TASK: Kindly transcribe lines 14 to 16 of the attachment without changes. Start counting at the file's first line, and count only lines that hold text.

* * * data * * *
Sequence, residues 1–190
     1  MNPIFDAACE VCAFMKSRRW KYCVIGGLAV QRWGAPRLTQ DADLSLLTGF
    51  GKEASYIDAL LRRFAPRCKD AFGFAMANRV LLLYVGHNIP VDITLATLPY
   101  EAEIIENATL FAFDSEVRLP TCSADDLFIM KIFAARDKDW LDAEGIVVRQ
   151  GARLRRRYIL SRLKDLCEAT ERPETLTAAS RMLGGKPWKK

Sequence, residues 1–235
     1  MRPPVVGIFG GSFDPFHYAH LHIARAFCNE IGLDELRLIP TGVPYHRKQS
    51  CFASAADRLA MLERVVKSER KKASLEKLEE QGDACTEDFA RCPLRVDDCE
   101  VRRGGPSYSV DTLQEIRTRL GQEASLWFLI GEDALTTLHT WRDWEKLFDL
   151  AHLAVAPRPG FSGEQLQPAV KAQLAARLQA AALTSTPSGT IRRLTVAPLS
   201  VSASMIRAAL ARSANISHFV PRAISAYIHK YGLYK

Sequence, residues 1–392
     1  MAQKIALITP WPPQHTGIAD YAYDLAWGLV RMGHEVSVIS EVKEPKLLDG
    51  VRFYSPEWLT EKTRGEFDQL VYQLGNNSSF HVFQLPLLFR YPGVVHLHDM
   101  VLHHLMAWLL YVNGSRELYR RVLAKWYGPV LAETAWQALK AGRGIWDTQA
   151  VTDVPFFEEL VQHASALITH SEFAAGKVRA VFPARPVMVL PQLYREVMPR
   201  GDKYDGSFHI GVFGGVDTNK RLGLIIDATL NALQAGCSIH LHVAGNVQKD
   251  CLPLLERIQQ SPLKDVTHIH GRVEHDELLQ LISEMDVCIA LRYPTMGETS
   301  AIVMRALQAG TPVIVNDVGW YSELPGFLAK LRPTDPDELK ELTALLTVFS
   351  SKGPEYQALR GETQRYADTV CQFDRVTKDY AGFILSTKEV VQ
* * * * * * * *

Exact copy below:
    51  VRFYSPEWLT EKTRGEFDQL VYQLGNNSSF HVFQLPLLFR YPGVVHLHDM
   101  VLHHLMAWLL YVNGSRELYR RVLAKWYGPV LAETAWQALK AGRGIWDTQA
   151  VTDVPFFEEL VQHASALITH SEFAAGKVRA VFPARPVMVL PQLYREVMPR